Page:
Army of Two: The Devils Cartel review

Everything is better with a friend–especially blowing up bad guys. It’s here that Army of Two: The Devil’s Cartel shines the brightest, glistening with blood and gibs, like a Michael Bay movie on steroids. This sequel isn’t deep or all that innovative, but odds are you won’t have time to complain while you careen from one bloody conflagration to another, with barely a moment to breathe or take stock, delighting in wildly violent action each step of the way.

Above all else, Army of Two succeeds in looking terrific in battle. Firefights are morbidly beautiful in intensity and chaos; the environments disintegrate around you as the bullets and rockets fly, and there are dozens of moments where you’ll pause for a moment to say, “wow–that looks cool”. A moment is all you’ll have, though, as the action in Devil’s Cartel is unrelenting and pervasive. Taking place in Mexico, memorable locales abound, from city plazas to gorgeous resort hotels to ancient churches and graveyards. By the end of each battle, though, they’re choked with bodies and body parts in every corner. The carnage is immense.

“The carnage is immense.”

The death-dealing starts immediately and never stops as you and your partner (the more serious Alpha and Bravo, replacing the cartoony Salem and Rios from the last two games) dispatch wave after endless wave of drug cartel minions, each seemingly resigned to his fate as cannon fodder. While there is a story of sorts–a Mexican politician is trying to succeed in an area dominated by the cartel–it serves as only the narrowest thread to bring you to each of the set pieces as quickly as possible. Many follow a similar pattern, battling through enemies to get from point A to point B, but there are also some interesting vehicular missions to keep things fresh. Army of Two knows what it’s good at–namely, bullets, blood, and guts–and focuses on it like a laser beam.

Technically, a run-through of the game’s ten campaign locations takes 6-8 hours or so, but focusing on that utterly misses the point. Your first pass is a practice run that lets you learn locations and amass some cash to outfit yourself properly to do it again–and again and again. As a title focused on performance-based leaderboards, the ultimate victory is achieved by arming yourself and your partner to the teeth with tricked-out versions of the best weapons possible, then using smart tactics to earn top scores. Anyone can shoot a dude in the head, but properly flanking a group of enemies then blasting them to high heaven with a single rocket launcher scores quadruple the points. At the end of each level–some as short as a few minutes–your score is immediately assigned a number on the global leaderboards. Such is the ultimate hook of the game, and the reason to keep building your loadout and hopping back in to do just a little better each time.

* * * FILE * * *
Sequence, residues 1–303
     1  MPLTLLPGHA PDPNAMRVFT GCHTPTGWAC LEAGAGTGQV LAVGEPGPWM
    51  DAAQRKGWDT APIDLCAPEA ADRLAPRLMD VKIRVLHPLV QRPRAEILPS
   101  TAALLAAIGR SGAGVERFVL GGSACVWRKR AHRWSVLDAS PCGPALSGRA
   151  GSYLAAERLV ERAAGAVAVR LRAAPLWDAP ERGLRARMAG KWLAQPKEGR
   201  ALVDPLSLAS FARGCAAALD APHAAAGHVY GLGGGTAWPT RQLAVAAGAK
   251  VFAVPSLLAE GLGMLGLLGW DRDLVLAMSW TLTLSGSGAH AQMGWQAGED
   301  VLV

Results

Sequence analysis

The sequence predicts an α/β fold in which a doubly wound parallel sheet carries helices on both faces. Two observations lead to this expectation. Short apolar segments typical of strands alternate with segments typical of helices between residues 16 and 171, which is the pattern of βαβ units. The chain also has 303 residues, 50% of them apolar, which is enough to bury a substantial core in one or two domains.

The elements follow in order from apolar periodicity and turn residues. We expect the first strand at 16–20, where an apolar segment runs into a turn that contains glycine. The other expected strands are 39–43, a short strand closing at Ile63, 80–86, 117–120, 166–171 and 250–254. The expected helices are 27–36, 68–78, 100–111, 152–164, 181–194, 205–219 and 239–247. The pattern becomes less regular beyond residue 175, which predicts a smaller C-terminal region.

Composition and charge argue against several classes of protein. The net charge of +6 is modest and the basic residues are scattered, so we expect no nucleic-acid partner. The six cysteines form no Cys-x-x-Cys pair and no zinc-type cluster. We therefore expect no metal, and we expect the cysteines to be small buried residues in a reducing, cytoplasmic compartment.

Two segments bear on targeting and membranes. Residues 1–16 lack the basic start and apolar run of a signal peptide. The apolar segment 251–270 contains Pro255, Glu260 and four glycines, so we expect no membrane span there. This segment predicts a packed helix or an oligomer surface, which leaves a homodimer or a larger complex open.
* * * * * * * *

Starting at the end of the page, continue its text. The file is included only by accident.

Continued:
“…the ultimate victory is achieved by arming yourself and your partner to the teeth…”

The best way to get the highest scores is using the Overkill mechanic, which takes the already-bloody action to another level entirely. Overkill does several things–slows down time, makes you invulnerable, gives you infinite ammo and grenades, and makes those weapons chew through enemies with frightening results. Both you and your partner have their own Overkill to be used (they charge up over time), but when combined the powers are doubled and the scores are dramatically improved. The biggest challenge is figuring out when to use them; virtually every circumstance is a plausible one but it takes awhile for it to recharge.

One of the major disconnects with Army of Two is the intelligence–or lack thereof–of enemies. While some will seek cover, others will charge screaming while brandishing machetes. They will often stand idly nearby while you’re being revived and not capitalize on the chance to eliminate you. The other missteps are cosmetic. The ghastly carnage is occasionally peppered with forced dialogue between several of the characters, often trying to be a little funny; it simply doesn’t work as jokes are being dispensed at literally the same moment live grenades are landing at your feet. There’s no amount of humor that makes sense in the environment created here, as death and sadness are an overarching theme.

“One of the major disconnects with Army of Two is the intelligence–or lack thereof–of enemies.”

The mechanics and controls are sound, with plenty of options to kill that work well. There’s no map, radar, or HUD; you simply follow indicators to figure out where to go and cower in a corner when it’s obvious you’re about to die. A few seconds without soaking up bullets and you’re good as new. When you do get taken down, there’s a generous amount of time for your buddy to heal you and keep going. Naturally, when you take all of this into account along with the staggering number of people that just two individuals mow down, it’s all utterly implausible. Army of Two throws plausibility out the window within the first five minutes, though, so it’s not really on the table in the first place.

Army of Two: Devil’s Cartel seems to accomplish exactly what it set out to do, offering an intense, impressive two-player co-op experience that’s heavily customizable and replayable. While it won’t likely scratch the itch of those looking for a more traditional shooter game–namely, competitive online multiplayer–it’s an original concept set inside familiar trappings.

This game was reviewed on Xbox 360.

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